Tag: New York Pitch Conference

Calling all writers to their conferences….

Tracee: We’ve all been there, planning our year, wondering which conferences to attend. Earlier this week I wrote about MWA, Malice Domestic, Bouchercon, and Thrillerfest among others. I feel like they capture the swath of big gatherings – from award focused, to craft, to fan based. However, there are many other worthwhile conferences going on throughout the country (and, of course, the world…. Alexia you need to head over to one in the UK where you might see ghosts in the neighboring castles.) I’ve attended several based on geographic proximity, including Killer Nashville, Murder in the Magic City, and the Virginia Festival of the Book. Do you have any conferences you’d like to recommend? And what makes you choose? Robin: I’m a big fan of the Book Passage Mystery Writers Conference in Corte Madera, CA. I attended as an aspiring writer for a couple of years and it’s my honor to now be a member of the faculty, starting last year. The conference is special because the faculty members commit to being accessible. Not just during the panels and talks but also during the breaks, at lunches, the dinner buffet, and a wine and cheese reception. Did I mention they have good […]

Read More

New York Pitch Conference

Today was the first day of the NY Pitch Conference. I’ve been a workshop leader there for ten years, and it has a very special place in my heart because that’s where I sold my first novel, The Fiction Class. It was a truly life-changing experience. I’d been wading through the publishing waters for some years, trying to catch a wave. (I’ve just been in Monterey and surfing images are in my mind.) I wrote up a pitch and presented it to the first editor, who kindly informed me that no one would ever publish my book because it was about creative writing and no one cared about that. The next editor was much more pleasant, and seemed genuinely interested in my book. Except that he quit publishing that very day and went to work for his family’s logging company in Canada. The third editor was also kind, but she was not the right editor for my book. Then, on Sunday morning, I went in to meet with the fourth editor, read my pitch and she said, “We’re going to want to publish this book!” Even a decade later I can remember how thrilled I was. So now, when I’m […]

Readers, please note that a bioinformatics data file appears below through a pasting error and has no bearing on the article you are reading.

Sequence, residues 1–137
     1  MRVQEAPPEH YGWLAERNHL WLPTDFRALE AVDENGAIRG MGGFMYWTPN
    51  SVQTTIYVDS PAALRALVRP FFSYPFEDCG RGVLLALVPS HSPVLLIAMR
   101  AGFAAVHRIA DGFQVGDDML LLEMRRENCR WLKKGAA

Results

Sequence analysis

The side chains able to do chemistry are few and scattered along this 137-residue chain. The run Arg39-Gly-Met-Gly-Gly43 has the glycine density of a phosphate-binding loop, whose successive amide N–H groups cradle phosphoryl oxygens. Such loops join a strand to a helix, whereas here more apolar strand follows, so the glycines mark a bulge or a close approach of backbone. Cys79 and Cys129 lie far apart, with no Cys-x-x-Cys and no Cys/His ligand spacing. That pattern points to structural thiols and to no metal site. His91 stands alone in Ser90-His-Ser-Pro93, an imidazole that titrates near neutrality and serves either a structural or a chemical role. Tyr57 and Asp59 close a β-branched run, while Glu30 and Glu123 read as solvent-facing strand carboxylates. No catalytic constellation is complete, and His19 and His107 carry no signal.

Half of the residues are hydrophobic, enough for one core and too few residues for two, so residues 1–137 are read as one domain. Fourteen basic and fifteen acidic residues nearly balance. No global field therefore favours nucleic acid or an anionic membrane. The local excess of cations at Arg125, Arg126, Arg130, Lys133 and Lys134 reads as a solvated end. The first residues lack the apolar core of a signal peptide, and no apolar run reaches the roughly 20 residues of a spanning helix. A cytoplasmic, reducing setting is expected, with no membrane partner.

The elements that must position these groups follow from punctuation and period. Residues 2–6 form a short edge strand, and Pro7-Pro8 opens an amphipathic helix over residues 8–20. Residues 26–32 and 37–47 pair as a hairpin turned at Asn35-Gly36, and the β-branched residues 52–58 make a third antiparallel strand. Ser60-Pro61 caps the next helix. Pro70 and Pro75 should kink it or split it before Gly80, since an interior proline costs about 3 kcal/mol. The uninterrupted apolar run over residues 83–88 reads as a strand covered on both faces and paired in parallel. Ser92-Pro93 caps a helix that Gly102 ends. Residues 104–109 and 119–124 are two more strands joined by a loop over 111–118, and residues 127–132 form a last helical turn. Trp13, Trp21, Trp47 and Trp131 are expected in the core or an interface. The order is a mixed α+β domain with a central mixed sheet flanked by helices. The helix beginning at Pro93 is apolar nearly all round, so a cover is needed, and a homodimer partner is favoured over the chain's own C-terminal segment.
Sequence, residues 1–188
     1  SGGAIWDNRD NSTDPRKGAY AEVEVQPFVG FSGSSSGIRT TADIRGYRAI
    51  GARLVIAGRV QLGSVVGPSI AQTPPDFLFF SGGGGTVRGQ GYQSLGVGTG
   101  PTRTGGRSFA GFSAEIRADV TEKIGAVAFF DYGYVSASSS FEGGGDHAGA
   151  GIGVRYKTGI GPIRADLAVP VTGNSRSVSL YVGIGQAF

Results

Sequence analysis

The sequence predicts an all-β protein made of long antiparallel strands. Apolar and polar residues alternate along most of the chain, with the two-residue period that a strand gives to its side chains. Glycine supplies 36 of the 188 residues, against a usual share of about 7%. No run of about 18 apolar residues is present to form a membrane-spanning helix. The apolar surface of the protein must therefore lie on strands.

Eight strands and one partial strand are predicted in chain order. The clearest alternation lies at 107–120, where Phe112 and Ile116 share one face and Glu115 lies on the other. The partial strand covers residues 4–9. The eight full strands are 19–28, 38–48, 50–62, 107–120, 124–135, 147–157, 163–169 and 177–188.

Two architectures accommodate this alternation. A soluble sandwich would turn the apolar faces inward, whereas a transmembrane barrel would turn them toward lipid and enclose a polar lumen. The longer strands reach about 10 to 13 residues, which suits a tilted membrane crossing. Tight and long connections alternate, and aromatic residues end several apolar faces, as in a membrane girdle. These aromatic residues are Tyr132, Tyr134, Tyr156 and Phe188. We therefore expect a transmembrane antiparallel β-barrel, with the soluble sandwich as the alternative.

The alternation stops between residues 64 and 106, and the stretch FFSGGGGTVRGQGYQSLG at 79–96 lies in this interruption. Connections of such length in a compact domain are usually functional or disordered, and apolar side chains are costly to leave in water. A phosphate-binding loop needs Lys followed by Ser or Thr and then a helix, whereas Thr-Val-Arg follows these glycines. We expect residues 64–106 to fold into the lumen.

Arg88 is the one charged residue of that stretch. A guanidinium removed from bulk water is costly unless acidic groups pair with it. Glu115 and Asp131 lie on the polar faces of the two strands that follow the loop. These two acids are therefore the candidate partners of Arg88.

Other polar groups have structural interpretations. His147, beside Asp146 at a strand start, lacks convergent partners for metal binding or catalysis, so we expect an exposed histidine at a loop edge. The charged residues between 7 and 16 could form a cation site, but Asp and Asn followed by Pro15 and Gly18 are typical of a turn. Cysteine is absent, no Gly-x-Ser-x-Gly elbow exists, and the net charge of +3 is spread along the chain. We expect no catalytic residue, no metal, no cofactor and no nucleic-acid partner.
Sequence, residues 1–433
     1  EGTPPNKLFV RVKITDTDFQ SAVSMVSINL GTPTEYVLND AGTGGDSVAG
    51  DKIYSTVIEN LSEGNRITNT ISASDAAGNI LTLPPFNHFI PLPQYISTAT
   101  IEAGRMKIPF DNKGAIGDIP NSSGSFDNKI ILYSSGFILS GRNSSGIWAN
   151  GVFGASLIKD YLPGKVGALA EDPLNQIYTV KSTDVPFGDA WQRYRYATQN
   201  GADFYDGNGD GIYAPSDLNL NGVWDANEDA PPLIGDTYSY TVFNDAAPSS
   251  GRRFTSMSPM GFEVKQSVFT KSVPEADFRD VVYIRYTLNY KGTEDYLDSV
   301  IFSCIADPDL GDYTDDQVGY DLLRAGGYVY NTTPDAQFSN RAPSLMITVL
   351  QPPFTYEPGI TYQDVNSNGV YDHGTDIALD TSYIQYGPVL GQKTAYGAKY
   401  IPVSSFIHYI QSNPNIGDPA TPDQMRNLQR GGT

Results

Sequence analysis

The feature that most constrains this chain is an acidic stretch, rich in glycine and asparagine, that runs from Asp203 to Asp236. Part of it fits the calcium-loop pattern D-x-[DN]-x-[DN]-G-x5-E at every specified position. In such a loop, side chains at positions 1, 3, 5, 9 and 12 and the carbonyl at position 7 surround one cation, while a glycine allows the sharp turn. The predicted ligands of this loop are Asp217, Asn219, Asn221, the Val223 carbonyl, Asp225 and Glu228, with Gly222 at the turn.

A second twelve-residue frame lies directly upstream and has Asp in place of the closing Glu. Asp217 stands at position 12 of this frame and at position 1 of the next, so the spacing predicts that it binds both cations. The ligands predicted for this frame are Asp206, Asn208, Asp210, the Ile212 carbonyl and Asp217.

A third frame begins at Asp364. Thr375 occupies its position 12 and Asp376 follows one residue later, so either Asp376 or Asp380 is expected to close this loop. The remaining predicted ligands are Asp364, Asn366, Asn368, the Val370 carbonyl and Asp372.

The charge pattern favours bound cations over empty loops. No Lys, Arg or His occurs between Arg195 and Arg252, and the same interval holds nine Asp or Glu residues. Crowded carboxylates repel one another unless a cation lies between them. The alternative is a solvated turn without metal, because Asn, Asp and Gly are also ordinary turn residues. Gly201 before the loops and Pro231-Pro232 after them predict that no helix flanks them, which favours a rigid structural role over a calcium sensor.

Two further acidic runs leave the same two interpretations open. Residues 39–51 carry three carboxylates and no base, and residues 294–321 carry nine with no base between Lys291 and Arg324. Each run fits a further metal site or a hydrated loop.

Read More

And more pitch tips!

Last night (or possibly last week–I’m not sure. Still on California time) I spoke to the Central Coast Writers meeting in Pacific Grove. A truly lovely group of people who made me and my daughter feel very welcome. My daughter was there to assist me in my talk, which was about how to use pitches to help you sell your book, but also how to use them to diagnose problems with your novel. I am a self-confessed pitch addict and find them very useful in figuring out if a writing project is worth pursuing. It’s also a great way to figure out if the structure of your novel is working. For example, one of the things you want to include in your pitch is a sense of the conflict that will fuel your story. Ideally that conflict should happen fairly early on. Ideally it should happen around the first chapter. But what if you’re writing your pitch and realize that nothing happens worth writing about until page 218? That can be a sign that your novel is not starting quickly enough. In fact, a gentleman at the meeting who’d just had a book published said that his editor wound up […]

Read More

Search By Tags